Take 5 deep breaths. How do you feel? Do you feel calm? Were you able to focus and ignore distractions? Taking moments throughout the day to clear one’s mind and reset helps our students stay focused during the action-packed, content-rich first grade school day.
Practicing relaxation techniques, which we call “mindful minutes”, are a valuable and integral part of our day. For example, after our 50-minute recess/lunch period, the daily practice helps students gain self-regulation and relaxation. When our first grade students come back to the classroom, they go straight to the carpet and as a crew we take 2-3 minutes to focus on various breathing techniques including: “balloon breath” (deep breath in, deep breath out pretending to have a balloon to blow up in one’s hands); “bunny breath” (3 short breaths in like a bunny, 1 deep breath out); “bee breath” (deep breath in, gentle buzzing sound out), etc.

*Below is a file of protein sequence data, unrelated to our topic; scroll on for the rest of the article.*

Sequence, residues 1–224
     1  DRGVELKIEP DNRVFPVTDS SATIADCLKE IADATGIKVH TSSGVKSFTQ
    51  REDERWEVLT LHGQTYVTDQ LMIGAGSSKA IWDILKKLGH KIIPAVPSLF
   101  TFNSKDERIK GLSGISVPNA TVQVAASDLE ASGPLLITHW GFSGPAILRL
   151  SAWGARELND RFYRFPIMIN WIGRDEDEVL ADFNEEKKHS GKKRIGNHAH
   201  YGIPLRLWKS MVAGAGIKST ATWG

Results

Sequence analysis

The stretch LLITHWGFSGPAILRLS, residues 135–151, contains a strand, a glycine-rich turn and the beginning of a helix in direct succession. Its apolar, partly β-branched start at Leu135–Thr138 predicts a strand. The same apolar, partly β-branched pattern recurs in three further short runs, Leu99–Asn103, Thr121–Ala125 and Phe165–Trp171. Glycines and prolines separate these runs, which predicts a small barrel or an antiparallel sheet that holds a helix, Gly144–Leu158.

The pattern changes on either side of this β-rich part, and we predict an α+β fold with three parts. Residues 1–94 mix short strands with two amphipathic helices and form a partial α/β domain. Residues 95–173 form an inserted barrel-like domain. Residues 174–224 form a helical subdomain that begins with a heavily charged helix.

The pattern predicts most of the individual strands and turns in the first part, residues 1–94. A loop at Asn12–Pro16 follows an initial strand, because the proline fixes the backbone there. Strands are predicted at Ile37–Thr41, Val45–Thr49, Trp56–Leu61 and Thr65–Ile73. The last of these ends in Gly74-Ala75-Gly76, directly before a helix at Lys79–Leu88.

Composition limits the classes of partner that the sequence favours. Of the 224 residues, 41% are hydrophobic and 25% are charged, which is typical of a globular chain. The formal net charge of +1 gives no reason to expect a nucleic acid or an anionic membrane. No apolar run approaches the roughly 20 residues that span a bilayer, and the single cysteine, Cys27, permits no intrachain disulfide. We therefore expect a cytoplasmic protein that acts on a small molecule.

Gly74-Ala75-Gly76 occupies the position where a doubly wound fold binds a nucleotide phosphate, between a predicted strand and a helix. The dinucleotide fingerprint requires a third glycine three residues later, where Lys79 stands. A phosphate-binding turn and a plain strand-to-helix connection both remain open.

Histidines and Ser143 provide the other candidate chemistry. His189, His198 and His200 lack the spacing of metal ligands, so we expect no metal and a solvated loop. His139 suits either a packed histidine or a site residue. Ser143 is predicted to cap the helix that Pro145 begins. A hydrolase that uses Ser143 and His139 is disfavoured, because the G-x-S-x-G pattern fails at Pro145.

Once I see that all students are resetting, they may choose their next “mindful” activity. For example, they can get a pillow from our calm corner to place on their desk or the carpet to rest their heads, they can get a coloring sheet to color independently, or even participate in yoga from one of our favorite websites—Cosmic Kids Yoga!
We also used another powerful calming technique called “Smell and Tell”. I will pass around something fragrant, such as an orange peel or lavender sprig for students to close their eyes and breath in the scent.
In addition to our set time, we take various “brain breaks” throughout the day to get our “wiggles” out. These brain breaks are a great way to release energy and have fun in a productive way. We typically use a variety of brain breaks from GoNoodle.com such as dancing, call and repeat singing, or meditation.
Regardless of which of technique we choose, a different tone exists in the classroom after taking a mindful minute--one in which students are clam, focused and engaged. The time we carve out to reset sets the tone for our afternoon and the work we have left to do.